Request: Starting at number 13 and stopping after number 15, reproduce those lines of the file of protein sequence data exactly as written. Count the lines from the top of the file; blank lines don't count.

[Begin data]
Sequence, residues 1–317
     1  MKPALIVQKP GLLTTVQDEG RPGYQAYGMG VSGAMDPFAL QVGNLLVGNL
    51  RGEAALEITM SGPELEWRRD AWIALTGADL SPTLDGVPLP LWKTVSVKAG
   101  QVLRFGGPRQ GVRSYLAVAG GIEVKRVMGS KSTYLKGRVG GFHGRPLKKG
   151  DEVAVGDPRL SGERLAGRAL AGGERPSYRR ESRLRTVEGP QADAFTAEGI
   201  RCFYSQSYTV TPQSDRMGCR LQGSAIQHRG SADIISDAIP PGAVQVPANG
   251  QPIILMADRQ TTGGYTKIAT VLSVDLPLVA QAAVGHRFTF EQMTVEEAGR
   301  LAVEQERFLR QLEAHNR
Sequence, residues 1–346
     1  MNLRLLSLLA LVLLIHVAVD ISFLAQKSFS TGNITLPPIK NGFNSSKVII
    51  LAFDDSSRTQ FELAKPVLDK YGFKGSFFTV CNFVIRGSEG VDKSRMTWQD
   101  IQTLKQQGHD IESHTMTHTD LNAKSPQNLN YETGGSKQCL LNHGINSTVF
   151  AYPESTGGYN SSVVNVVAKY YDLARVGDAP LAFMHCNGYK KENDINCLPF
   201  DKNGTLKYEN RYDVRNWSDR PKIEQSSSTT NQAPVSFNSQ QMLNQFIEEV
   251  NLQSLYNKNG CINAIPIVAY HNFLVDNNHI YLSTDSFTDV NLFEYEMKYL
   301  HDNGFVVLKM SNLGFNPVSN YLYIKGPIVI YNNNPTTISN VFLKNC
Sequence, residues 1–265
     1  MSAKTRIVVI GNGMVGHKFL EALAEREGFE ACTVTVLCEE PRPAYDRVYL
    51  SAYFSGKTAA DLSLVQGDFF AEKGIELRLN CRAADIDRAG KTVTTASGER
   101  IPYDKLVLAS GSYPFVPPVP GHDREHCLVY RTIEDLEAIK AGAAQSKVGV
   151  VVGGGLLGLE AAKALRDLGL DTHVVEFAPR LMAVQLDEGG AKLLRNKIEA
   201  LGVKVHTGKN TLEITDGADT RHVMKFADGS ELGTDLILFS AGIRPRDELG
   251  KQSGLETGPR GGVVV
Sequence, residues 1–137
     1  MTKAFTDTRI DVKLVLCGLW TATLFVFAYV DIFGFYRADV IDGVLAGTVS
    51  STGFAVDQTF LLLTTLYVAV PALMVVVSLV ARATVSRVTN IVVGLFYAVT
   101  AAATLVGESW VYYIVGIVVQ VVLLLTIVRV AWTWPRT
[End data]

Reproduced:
   151  AYPESTGGYN SSVVNVVAKY YDLARVGDAP LAFMHCNGYK KENDINCLPF
   201  DKNGTLKYEN RYDVRNWSDR PKIEQSSSTT NQAPVSFNSQ QMLNQFIEEV
   251  NLQSLYNKNG CINAIPIVAY HNFLVDNNHI YLSTDSFTDV NLFEYEMKYL